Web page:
Beach blanket Brazil: global hotel chains see tourism on the rise in Brazil and are spending big bucks now
Why pick Brazil over the Caribbean for a resort vacation? Some resort developers feel they have the answers, judging by the money they’re spending. That’s especially true in and around Bahia state, in the northeast, where investors have recently pumped almost half a billion U.S. dollars into new projects.
Previ, a pension fund for employees at state-owned Banco do Brasil, the country’s largest bank, got involved early in the sector. In 2000, Previ and partner Odebrecht, a Brazilian construction giant, spent US$200 million to build five resort hotels, six smaller inns, convention and sports centers, restaurants, stores, swimming pools, tennis courts and an 18-hole golf course on the Sauipe coast in Bahia state.
Previ later bought out Odebrecht’s stake and leased out the five resort hotels, two to U.S. chain Marriott, two to France’s Accor and one to Jamaica’s SuperClubs. France’s Club Med, the oldest foreign resort owner in Brazil (here since 1979), opened its third beach resort–and its second in Bahia state–in 2003, a $23 million bungalow-type village. A fourth is on the way. “We got the green light for the fourth village because Club Med believes in Brazil and in the growth of foreign tourism here,” said Sylvia Leimann, the marketing director for Club Med in South America.
Just down the Sauipe coast, Spain’s Ibero Star group is building the first of four 380-room resort hotels, at the Praia do Forte beach, which will open in early 2006. The $200 million investment–which includes the four hotels, a 27-hole golf course and a convention and shopping center–will be completed when the fourth hotel opens in 2009. Vila Gale, Portugal’s second-largest resort operator, will complete in May 2006 a $24 million, 450-room resort hotel, at the Guarajuba beach, in Bahia State.
“We chose to build our complex in Bahia, not far from Salvador, in part because that city is six-and-a-half hours away from Europe and is the center of Afro-Brazilian culture and musicj’ says Orlando Giglio, the commercial director of Ibero Star in Brazil.
Grup Sehrs, a Spanish resort-hotel operator, is also planning to open its first operation abroad in Brazil in September 2005, a 425-room, $25 million trapezoid-shaped resort on the outskirts of the northeastern city of Natal, in Pernambuco state, just north of Bahia. Grup Sehrs also came to Brazil for its proximity to Europe and its white sandy beaches, but also to take advantage of favorable exchange rates. “Brazil is also a new and relatively cheap tourist destination, and cheaper than the Caribbean, where we could have also built,” says Alvaro Darpon, commercial director for Grup Sehrs in Brazil.
At Sauipe, for example, the average price of a hotel room runs between $250 and $350 per day for a couple, depending on the season. SuperClubs charges a similar price and includes meals as part of a package deal.
“We came to Brazil because we’ve been all over the Caribbean and wanted a different, warm-weather, not-too-expensive beach destination,” says Virginia Mecneck, a Dutch tourist who spent $4,200 for a two-week stay at a Superclubs resort on the Sauipe coast. “We’ve also heard so many positive things about the warmth of the Brazilian people and wanted to get to know these lovely people in their own country.”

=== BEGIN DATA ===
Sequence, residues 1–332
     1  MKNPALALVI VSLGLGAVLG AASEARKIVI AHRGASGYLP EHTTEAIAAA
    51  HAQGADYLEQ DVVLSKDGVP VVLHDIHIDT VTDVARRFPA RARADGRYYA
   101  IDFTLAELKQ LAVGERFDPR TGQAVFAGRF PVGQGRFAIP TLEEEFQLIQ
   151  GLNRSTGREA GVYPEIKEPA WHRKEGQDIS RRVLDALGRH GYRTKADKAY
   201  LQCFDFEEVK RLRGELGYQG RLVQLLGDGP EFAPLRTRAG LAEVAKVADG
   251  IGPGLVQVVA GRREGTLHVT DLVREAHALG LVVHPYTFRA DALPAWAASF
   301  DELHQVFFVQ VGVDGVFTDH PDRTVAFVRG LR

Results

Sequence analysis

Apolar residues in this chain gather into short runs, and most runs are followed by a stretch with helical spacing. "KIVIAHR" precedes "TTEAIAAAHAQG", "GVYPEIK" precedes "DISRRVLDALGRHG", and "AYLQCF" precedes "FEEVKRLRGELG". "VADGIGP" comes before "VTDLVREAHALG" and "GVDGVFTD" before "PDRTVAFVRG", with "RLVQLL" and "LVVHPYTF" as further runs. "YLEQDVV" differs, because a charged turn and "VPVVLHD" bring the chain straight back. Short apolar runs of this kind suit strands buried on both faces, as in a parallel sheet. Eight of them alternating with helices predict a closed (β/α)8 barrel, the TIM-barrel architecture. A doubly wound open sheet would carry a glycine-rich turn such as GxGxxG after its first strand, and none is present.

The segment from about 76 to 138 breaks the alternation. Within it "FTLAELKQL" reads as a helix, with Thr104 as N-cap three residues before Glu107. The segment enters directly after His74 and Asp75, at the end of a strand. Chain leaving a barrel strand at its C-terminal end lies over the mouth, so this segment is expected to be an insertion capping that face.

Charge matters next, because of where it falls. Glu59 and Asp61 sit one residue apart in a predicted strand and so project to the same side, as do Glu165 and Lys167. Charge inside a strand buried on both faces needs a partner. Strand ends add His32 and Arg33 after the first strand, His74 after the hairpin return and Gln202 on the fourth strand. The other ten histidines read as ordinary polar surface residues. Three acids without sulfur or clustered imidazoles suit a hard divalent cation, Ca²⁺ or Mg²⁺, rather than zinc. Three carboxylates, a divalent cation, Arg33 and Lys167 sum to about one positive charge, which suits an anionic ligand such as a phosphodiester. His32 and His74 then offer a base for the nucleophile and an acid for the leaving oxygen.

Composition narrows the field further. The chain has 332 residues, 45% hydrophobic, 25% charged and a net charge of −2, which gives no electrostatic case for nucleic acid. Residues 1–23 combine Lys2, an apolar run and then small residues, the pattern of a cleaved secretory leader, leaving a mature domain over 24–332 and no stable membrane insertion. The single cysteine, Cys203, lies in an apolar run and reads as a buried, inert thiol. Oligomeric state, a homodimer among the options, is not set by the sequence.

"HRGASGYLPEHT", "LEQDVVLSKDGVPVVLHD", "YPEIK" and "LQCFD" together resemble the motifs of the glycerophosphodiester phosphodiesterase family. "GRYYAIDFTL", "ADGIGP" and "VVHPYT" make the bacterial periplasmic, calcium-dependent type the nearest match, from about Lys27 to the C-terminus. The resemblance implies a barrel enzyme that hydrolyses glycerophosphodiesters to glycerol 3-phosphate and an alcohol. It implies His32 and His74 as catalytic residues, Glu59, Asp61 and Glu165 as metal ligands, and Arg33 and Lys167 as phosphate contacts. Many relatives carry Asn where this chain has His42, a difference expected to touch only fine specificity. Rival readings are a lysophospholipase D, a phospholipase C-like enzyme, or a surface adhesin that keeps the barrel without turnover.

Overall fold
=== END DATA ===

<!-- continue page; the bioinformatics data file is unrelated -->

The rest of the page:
Prices at Brazilian resorts do tend to be lower compared to their Caribbean counterparts, excluding airfare. A couple visiting a SuperClubs or Club Med resort can expect to pay between 8% to nearly 50% less for a Brazil trip compared with a Caribbean vacation. During the South American summer, however, prices in Brazil can match Caribbean rates. Drawbacks. A number of foreign resort-hotel operators say that doing business in Brazil has some drawbacks–high labor costs, which include taxes, transportation, insurance and medical plans. “In Portugal, an employee costs twice his salary, whereas in Brazil an employee costs three times his salary” says JosE Wahnon, general director of Vila Gald in Brazil.
If it weren’t for labor costs, Brazil would be a near-perfect place to build a resort hotel, says Xavier Veciana, general director of SuperClubs in Brazil. SuperClubs, however, sees money to be made by tapping a new and growing market. “We came to Brazil because the Caribbean is a known destination, especially for European tour operators, whereas Brazil is a completely new destination, doesn’t get hurricane-type bad weather and has a northeastern coastline, like that in Bahia state, which gets year-round sun,” Veciana says. Labor costs aside, SuperClubs and local partners are spending $17 million building a 250-room resort in Bahia state by 2005 and $22 million on a 300-room resort in Ceara state by 2006. While those go up, the company will consider developing two more in Bahia and one in Rio de Janeiro.
The Brazilian government has worked to improve the tourism sector. It has borrowed $800 million from the Inter-American Development Bank to improve infrastructure in the northeast, and in 2003, it created a Ministry of Tourism, where directors say investments in Brazil are well timed. “European hotel developers, especially from Spain and Portugal, are faced with saturated local markets,” says Frederico Costa, the ministry’s director of financing and investment.
In 2004, Brazil expected to take in 5.9 million tourists, 44% more than in 2003, a figure expected to climb to 9 million in three years.
RIO DE JANEIRO
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